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The Legal Defense Fund, The Antiracism and Community Lawyering Practicum at Boston University School of Law, and the Fred T. Korematsu Center for Law and Equality, filed an amicus brief with the Pennsylvania Supreme Court in support of a Black man named Derek Lee, who is serving a mandatory life without parole (LWOP) sentence for felony murder even though he did not kill or intend to kill anyone. The amicus brief demonstrates that racial discrimination infects Pennsylvania’s felony murder law, explains that the law disproportionately targets Black people—especially young Black teenagers—, and argues that the law’s application to people like Mr. Lee violates the state constitutional protection against “cruel punishments.”

According to a recent state-backed audit that was undertaken because of serious concerns about the cruelty and lack of fairness in the application of Pennsylvania’s felony murder law, Black people in Pennsylvania have been convicted of felony murder at a rate that is more than 21 times higher than for white people in the state. As the amicus brief explains, the racial bias and disparities for felony murder in Pennsylvania stand out even within a state prison population where Black people are significantly overrepresented because of racial bias in other aspects of society and the criminal legal system .

“In a state where Black people are already overrepresented at 47% of the prison population and 48% of those awaiting execution, Black people constitute 70% of those serving mandatory LWOP sentences for felony murder,” said Professor Robert Chang, Executive Director of the Fred T. Korematsu Center for Law and Equality. “The particularly extreme racial bias and disparities for felony murder suggests strongly that something is deeply wrong with how the felony murder statute is operating in Pennsylvania.”

These racial disparities are particularly concerning because there is strong evidence that Black people serving mandatory LWOP sentences for felony murder are on the whole less culpable than white people convicted under the same law. Compared to Black people convicted of felony murder, white people are 4.5 times as likely to be involved in kidnapping, 4.9 times as likely to be involved in sexual assault, and 6.0 times as likely to be involved in arson. Additionally, as the amicus brief explains, white people are more likely to be principals who acted alone, rather than accomplices, which strongly suggests, as the auditors found, that the “statute’s broad application to both principals and accomplices to a felony related to someone’s death has a greater net-widening effect on Black people overall.”

Pennsylvania’s felony murder statute also disproportionately targets Black youth, whose age and capacity for rehabilitation can never be considered under a mandatory scheme, adding to the cruel and excessive nature of mandatory LWOP sentences for people who did not kill or intend to kill anyone. Black 19-year-olds are the single most common group to be serving mandatory LWOP sentences for felony murder in Pennsylvania, and will spend a greater proportion of their lives in prison than older people who commit the same or more serious crimes. An 18 or 19 year old and a “75-year-old each sentenced to life without parole receive the same punishment in name only.” Graham v. Florda, 560 U.S. 48, 70 (2010).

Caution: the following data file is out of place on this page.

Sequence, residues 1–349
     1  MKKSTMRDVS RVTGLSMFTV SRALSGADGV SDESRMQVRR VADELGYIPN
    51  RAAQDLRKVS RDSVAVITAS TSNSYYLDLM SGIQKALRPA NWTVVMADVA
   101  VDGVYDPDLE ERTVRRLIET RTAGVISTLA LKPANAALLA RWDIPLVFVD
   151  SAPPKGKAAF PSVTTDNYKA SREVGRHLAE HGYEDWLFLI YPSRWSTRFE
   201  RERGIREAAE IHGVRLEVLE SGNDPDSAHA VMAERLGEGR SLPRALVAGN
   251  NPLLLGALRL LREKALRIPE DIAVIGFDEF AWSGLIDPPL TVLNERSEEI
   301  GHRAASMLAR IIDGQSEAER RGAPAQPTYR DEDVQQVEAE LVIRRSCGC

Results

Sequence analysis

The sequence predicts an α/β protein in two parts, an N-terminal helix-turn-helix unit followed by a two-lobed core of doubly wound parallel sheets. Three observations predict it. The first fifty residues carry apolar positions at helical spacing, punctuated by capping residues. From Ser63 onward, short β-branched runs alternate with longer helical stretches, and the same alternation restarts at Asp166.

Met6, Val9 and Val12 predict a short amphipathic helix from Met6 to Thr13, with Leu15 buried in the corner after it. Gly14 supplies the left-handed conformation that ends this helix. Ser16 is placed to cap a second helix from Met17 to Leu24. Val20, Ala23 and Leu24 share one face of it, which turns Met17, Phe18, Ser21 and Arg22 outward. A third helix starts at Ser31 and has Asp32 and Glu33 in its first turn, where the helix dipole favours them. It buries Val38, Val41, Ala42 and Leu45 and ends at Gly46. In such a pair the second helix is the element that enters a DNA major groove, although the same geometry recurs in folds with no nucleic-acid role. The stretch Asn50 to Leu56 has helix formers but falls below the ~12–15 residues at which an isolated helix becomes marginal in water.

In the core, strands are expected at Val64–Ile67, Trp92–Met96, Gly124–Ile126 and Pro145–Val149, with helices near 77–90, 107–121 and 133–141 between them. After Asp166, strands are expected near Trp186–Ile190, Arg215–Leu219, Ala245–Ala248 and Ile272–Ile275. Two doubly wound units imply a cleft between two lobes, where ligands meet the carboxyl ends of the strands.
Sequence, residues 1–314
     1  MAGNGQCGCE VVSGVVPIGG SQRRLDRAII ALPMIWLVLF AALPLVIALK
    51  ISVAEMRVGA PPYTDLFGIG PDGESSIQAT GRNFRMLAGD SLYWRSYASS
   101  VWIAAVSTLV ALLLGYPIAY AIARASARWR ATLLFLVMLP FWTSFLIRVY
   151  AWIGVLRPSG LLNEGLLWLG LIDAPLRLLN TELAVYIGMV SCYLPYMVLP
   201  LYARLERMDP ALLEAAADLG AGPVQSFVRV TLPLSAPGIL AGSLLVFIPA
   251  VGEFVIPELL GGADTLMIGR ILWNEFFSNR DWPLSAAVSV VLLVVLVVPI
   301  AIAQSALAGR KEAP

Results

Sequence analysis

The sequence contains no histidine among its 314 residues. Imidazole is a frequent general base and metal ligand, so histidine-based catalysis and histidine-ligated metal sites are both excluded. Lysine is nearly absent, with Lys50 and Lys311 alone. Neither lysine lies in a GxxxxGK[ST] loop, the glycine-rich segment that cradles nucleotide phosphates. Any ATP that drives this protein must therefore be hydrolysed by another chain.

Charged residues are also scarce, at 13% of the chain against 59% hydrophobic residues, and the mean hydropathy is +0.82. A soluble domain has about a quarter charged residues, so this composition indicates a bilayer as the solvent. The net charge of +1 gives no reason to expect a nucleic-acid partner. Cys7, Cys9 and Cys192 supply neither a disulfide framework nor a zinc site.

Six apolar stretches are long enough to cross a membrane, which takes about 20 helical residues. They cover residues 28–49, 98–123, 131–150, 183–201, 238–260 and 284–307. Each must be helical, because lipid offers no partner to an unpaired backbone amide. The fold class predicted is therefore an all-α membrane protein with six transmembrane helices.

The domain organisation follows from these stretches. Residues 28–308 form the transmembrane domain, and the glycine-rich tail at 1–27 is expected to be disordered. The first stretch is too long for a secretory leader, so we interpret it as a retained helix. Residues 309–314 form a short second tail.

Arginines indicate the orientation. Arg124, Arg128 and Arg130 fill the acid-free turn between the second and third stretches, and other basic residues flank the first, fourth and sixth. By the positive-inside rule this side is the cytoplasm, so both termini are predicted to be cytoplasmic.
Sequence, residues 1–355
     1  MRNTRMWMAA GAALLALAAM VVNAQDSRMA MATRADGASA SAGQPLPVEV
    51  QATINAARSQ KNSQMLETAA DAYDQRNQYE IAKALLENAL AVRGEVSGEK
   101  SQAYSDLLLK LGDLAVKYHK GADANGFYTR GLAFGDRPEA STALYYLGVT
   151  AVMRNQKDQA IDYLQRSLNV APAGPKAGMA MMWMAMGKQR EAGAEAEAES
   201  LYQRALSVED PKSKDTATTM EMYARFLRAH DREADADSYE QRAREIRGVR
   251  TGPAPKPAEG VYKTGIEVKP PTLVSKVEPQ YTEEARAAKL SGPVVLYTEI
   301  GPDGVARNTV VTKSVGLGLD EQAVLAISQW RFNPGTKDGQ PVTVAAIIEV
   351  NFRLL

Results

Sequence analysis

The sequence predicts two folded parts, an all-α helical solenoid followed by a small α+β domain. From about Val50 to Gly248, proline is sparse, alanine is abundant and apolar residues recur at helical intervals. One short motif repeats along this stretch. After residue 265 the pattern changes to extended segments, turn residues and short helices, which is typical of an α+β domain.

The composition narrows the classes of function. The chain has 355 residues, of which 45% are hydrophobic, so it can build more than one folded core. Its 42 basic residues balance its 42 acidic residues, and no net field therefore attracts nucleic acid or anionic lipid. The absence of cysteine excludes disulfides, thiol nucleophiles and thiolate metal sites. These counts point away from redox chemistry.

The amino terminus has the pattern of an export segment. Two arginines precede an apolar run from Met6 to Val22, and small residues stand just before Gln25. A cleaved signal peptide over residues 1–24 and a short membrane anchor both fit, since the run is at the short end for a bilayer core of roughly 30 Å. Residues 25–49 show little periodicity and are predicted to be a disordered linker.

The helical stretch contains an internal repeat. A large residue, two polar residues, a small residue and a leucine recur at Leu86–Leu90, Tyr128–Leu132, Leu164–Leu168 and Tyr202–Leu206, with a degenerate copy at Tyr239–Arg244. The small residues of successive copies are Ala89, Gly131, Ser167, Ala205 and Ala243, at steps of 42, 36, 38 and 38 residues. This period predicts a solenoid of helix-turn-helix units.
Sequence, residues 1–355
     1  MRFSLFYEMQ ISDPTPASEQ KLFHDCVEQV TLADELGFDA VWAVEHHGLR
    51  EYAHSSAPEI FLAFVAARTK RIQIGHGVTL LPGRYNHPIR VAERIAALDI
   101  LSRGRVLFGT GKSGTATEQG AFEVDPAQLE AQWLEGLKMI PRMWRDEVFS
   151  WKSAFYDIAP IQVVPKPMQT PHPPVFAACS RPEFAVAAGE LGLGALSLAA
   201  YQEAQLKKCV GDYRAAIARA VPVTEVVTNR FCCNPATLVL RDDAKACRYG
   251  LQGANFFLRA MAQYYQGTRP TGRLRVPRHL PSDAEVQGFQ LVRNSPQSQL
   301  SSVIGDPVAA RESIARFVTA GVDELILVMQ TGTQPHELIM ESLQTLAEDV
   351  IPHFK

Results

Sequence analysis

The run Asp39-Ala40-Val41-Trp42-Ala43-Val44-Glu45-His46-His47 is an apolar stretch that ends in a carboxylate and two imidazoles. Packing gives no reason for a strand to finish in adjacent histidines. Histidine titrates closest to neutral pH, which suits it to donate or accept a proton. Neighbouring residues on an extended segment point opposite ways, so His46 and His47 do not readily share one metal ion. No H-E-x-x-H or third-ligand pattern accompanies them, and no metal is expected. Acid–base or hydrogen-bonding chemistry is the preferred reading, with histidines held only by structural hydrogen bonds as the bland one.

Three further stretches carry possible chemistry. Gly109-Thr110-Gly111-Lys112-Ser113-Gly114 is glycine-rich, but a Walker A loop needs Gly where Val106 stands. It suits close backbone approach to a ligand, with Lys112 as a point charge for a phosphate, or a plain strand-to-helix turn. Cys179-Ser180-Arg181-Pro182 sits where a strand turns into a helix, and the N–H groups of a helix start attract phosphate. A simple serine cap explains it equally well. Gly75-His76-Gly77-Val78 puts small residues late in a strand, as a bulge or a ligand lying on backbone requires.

“Pennsylvania has one of the most punitive felony murder laws in the country and applies this law in a manner that disproportionately condemns young Black people to die in prison,” said Professor Caitlin Glass, Director of the Antiracism and Community Lawyering Practicum at the Boston University School of Law. “Given disturbing evidence suggesting that racial bias influences felony murder prosecutions, Pennsylvania’s permanent incarceration of people convicted of felony murder—many of whom neither killed nor intended to kill anyone—cannot withstand constitutional scrutiny.” 

“There are scores of people in Pennsylvania, a disproportionate percentage of whom are Black, who rehabilitated decades ago but remain condemned to die in prison even though they did not kill anyone nor intend to kill anyone. They have taken extraordinary steps to redeem themselves and want to be role models and youth counselors in their communities. Under the cruel mandatory sentencing scheme currently in place, they will never get that opportunity, and we all lose as a result,” said Adam Murphy, Assistant Counsel, Legal Defense Fund.

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Founded in 1940, the Legal Defense Fund (LDF) is the nation’s first civil rights law organization. LDF’s Thurgood Marshall Institute is a multi-disciplinary and collaborative hub within LDF that launches targeted campaigns and undertakes innovative research to shape the civil rights narrative. In media attributions, please refer to us as the Legal Defense Fund or LDF. Please note that LDF has been separate from the National Association for the Advancement of Colored People (NAACP) since 1957—although LDF was originally founded by the NAACP and shares its commitment to equal rights.